Exhibitions of the Week: Japanese Art, Then and Now at the Asia Society and MoMA
Kamakura: Realism and Spirituality in the Sculpture of Japan (Until May 8 at the Asia Society Museum)
Perhaps the most profound artistic innovations are the ones that call the least attention to themselves. Two such devices emerged in the Kamakura period (1185-1333), a time when Japanese sculpture flourished. The first, the use of joined woodblock construction, enabled Japanese artists to create exceptionally dynamic forms, or at the very least to make the draperies of static figures increasingly tense and convincing. The second, the adoption of inset crystal eyes, makes some of those otherwise static figures seem positively alive. Although the Kamakura period wasn't entirely a Japanese Renaissance, the parallels -- and the spate of breakthrough techniques -- are certainly in evidence. The Tale of Genji here, The Decameron there; the turbulence of the heavens leading the Italians to new sculptural heights, the serenities of Buddhism welling up in the wooden effigies of Kamakura.
Kamakura: Realism and Spirituality is an unimpeachably beautiful exhibition. It gives professional fault-finders like me precious little to dwell over, and its single-floor and single-gallery presentation gives museumgoers, professional or not, no chance to meander away. Previous Asia Society showcases, like the variegated Buddhist Art of Myanmar, sprawled in comparison. This one manifests itself in three sections -- "Form and Presence," "Ritual and Devotional Contexts," and "Empowering Interiors" - that, despite their frequent subdivisions, warp together into one alluring whole. For those of us (or, really, most of us) who see sculptural mastery through Western eyes, there are parts of the showcase that aren't necessarily easy to gauge: while Kamakura masters developed distinctive styles and aggressively claimed creative ownership of their works, those masters are hard to tell apart without the kind of critical mass of items that, say, a solid group of Michelangelos can offer. We are left, perhaps, to revel in the details. And what details they are - an effervescent Flying Attendant on a Cloud in gilded wood, a carved water buffalo that perfectly reconciles realism and stylization, those woodblock draperies sweeping past, those crystal eyes pounding into your soul.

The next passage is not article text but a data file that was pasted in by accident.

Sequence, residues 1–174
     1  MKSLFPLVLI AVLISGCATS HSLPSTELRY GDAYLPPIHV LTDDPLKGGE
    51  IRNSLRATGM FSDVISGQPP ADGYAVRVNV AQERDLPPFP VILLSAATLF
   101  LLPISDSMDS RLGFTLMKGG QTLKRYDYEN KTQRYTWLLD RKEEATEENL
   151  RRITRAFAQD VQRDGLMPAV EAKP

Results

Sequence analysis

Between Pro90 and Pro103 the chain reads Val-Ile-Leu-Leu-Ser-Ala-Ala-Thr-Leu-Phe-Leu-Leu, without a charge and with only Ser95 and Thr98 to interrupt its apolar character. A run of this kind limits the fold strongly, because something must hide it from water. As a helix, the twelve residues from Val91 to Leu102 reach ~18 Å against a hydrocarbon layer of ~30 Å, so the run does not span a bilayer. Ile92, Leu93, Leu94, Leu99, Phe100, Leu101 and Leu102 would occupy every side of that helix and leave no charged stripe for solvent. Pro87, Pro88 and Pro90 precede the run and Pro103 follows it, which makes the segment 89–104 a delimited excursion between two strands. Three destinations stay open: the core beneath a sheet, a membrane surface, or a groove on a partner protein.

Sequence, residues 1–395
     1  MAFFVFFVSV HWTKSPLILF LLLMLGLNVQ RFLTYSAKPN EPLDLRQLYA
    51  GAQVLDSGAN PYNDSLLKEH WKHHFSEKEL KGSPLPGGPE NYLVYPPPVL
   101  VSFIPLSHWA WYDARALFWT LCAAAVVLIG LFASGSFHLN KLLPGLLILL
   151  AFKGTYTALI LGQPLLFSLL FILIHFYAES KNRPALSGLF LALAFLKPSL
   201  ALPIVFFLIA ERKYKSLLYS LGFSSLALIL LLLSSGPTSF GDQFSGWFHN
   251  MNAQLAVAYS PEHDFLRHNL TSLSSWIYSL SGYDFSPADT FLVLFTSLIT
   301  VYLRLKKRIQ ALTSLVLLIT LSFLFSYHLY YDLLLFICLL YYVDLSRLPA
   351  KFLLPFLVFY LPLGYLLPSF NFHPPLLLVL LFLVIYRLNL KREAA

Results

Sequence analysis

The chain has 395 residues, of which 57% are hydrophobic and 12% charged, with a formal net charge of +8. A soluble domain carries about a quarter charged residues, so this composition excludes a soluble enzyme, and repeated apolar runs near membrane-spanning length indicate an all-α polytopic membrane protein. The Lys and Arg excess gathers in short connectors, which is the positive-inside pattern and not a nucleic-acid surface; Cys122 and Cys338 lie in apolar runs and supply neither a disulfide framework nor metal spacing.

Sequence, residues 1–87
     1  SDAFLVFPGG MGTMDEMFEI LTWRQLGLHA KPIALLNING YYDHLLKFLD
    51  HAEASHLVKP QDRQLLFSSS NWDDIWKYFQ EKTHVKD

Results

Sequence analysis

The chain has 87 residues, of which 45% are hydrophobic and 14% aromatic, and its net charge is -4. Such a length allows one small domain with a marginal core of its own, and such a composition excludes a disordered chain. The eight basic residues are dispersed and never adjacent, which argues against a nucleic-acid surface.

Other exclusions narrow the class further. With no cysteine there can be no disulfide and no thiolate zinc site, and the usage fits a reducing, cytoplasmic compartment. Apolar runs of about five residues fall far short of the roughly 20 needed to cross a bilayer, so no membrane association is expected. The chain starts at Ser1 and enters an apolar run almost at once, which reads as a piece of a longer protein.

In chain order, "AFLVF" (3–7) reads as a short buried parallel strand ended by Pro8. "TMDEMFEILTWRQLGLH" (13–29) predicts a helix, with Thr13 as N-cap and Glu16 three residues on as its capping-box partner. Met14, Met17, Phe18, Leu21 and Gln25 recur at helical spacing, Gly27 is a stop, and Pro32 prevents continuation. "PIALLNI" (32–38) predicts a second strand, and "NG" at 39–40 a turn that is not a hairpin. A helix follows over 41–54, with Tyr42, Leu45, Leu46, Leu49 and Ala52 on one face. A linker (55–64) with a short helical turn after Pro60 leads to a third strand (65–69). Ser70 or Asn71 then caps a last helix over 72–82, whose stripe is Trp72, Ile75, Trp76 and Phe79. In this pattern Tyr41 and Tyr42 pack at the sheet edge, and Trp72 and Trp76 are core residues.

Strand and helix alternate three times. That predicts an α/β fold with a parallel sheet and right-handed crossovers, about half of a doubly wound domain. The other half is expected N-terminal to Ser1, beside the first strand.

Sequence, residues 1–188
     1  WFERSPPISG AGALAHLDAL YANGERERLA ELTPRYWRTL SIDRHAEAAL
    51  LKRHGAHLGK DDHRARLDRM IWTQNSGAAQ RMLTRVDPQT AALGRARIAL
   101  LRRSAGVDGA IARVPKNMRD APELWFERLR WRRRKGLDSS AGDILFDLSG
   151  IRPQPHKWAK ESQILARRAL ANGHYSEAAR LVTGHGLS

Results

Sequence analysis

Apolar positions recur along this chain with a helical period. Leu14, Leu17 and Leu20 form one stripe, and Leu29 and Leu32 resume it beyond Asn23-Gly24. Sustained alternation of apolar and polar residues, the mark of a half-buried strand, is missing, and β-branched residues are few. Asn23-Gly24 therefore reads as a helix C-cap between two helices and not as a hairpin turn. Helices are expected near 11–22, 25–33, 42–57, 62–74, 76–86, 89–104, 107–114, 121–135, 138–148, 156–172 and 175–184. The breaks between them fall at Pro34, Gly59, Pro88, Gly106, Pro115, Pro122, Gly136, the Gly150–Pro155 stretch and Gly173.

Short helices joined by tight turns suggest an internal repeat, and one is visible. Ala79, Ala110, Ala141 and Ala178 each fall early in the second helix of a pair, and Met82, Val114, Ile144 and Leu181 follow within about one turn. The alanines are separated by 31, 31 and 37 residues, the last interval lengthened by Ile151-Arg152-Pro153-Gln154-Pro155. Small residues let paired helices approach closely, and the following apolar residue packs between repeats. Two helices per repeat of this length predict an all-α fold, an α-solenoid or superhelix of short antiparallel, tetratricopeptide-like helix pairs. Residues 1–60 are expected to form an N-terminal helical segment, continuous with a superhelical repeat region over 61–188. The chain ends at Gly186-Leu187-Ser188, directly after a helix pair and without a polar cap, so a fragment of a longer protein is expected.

A Japanese Constellation: Toyo Ito, SANAA, and Beyond (Until July 4 at the Museum of Modern Art)
The impulse to imitate nature through art may be as old as art itself, but seldom has it been quite as grand or quite as unabashed as in A Japanese Constellation. In structure and in theme, the showcase is at times overwhelming: it angles itself through one of MoMA's middle floor galleries, a floorplan that is designed to make you wonder, again and again, whether you've just missed something important. Maybe, maybe not: although headliner Toyo Ito and his exploratory compositions set the template for the architectural designs on display, younger Japanese innovators take his prioritization of space and shadow, industry and intuition in new directions. (Highlights include Akihisa Hirata's neuron-like foam forms and, especially, the creations of Sou Fujimoto, whose architecture ranges from orbiting, layered ramps to white latticeworks that could be overgrown riffs on Sol LeWitt.) All told, MoMA's exhibition roundly demonstrates that "organic public architecture" has many more dimensions than "I once visited something by Frank Lloyd Wright." Art, architecture, and life have more to offer than that.